I haven’t cared about Marilyn Manson in a very long time. When I was a young edge lord, his music spoke to me in some pretty significant ways. Songs like “This is the New Shit”, “The Beautiful People”, and “Coma White” were all anthems for kids who were jaded with the status quo. Not only were his lyrics violent and sexual in all the right ways, but they were also thoughtful and introspective. He made genuinely poignant observations, many of which still stand up today. (“Anti-people now you’ve gone too far…Here’s your antichrist superstar!”)
Yes, Manson’s esthetic seemed like the stuff of nightmares, particularly to white parents in middle America. But that wasn’t the crux of his appeal. His appeal was actually that as a person, he was intelligent, well-spoken, and perhaps most important, rational. While he made use of provocative language and themes in his art, he made sure to separate that from the problems he faced in his everyday life, or so it seemed. His calm and measured responses to the various scandals that were thrown his way during the ‘90s are still the stuff of legend today. He truly was the thinking man’s rock star.
But all good things must end, and for the better part of two decades, Manson has been a walking parody of his former self. It started with the increasingly cheesy string of dance-pop covers reimagined with his signature metallic grind. The fact that the only songs most people can name from Manson’s back catalogue are “Sweet Dreams” and “Tainted Love” does not bode well for his legacy.
Then there was his well-documented battle with drug addiction, a battle which he’s never seemed particularly interested in ending. How many live shows can you stumble your way through, and how many hotel rooms can you wreck before you have to admit that maybe you and the drugs actually just like each other?
Finally, and perhaps most cringeworthy, is the fact that he has been through multiple accusations of sexual abuse through the years and has emerged perplexingly unscathed. It is possible that these allegations are unfounded, but more than one is never a good look, especially with what we know now about the people involved.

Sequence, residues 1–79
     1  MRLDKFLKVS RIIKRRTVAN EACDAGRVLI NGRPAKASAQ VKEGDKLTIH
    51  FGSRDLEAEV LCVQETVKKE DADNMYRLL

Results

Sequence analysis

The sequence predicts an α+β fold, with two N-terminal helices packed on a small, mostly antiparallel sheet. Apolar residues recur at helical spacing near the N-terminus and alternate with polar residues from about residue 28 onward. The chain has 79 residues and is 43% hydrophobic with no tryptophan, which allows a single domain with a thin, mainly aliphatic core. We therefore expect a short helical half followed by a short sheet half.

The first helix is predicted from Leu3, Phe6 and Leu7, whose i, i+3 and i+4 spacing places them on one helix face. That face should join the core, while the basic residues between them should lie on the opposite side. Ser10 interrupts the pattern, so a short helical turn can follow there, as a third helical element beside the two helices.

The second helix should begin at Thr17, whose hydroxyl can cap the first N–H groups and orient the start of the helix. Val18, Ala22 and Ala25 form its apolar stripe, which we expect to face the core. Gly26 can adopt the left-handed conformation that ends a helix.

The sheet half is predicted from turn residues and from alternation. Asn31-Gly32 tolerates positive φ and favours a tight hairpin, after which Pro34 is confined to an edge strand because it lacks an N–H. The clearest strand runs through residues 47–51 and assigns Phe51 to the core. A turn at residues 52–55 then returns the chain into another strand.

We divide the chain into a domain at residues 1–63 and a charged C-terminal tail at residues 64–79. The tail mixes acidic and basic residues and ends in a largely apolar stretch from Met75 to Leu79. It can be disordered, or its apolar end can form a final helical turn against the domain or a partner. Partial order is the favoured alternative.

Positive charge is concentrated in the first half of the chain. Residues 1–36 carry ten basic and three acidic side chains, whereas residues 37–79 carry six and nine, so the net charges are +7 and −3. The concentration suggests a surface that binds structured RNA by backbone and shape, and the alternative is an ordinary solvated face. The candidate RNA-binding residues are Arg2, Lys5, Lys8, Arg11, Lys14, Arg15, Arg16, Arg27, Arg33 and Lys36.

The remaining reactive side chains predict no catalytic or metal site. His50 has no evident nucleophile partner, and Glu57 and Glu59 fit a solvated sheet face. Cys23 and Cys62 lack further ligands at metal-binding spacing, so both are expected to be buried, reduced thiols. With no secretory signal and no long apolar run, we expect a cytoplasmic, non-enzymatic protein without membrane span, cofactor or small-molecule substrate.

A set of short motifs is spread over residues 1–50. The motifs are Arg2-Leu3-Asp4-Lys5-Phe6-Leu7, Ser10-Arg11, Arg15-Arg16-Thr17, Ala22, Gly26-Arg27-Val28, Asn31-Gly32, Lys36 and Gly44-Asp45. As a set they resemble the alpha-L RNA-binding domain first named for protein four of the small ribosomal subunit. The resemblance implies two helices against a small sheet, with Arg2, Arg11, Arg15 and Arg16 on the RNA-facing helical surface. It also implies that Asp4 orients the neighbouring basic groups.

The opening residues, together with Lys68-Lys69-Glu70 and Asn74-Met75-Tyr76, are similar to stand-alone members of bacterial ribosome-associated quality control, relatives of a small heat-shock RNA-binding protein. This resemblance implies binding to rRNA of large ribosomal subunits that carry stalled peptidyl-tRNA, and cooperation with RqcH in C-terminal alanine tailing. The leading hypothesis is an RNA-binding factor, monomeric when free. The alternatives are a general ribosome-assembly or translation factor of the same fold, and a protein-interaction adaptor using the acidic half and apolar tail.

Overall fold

All this to say that at a certain point, Manson just stopped being scary. Or at least, he stopped being scary in ways that matter to any sort of cultural movement. He also stopped evolving musically. As an artist he has remained stagnant. In some respects, he’s even moved backwards. His most recent record, Heaven Upside Down, was full of moments that seemed manufactured to recall the darkest moments of Antichrist Superstar, but with none of that record’s vigor or thoughtfulness. Indeed, his love for stupid puns reached such a level that not only did he name a song “Say10” (quite possibly the stupidest song name ever put to paper) but he doubled down on that with a chorus of “you say God and I say Satan!” Not the brightest moment for a man who was once praised as a lyrical virtuoso.
But with the announcement of a new record and the release of the title track “We Are Chaos”, it is possible that things are starting to look up for the erstwhile king of industrial shock rock. Not only does the track NOT sound like it’s desperately trying to recapture the magic of Manson’s youth, but it is a genuinely beautiful anthem with a chorus tailor-made to be screamed by disenfranchised teenagers the world over. The track stays true to Manson’s tendency toward instrumental simplicity and the driving industrial rhythms are there as well, so it shouldn’t come as too much of a shock to longtime fans, but it is a bold step toward a maturity Manson has seemed so reluctant to embrace up until this point.
Now is as good a time as any for Marilyn Manson to rediscover his passion. The satanic panic which he initially helped quell when he surprised television audiences the world over by showing his ability to speak properly is back and arguably bigger than ever. Not only that, but rock and roll, a style of music once synonymous with mainstream rebellion, has been all but sidelined, and the acts that do remain in the limelight have none of the bite that Manson’s records had in his prime.
I probably won’t be rushing out to buy We Are Chaos when it’s released, but I am open to the idea that it might be good, and if it is, that it might put one of hard rock’s most intelligent and outspoken figures back in a position where he can really contribute to a cultural conversation, instead of whining about breakups and singing about vampires or whatever.
Time will tell.
Written by Syd Ghan
*Edited by Dominic Abate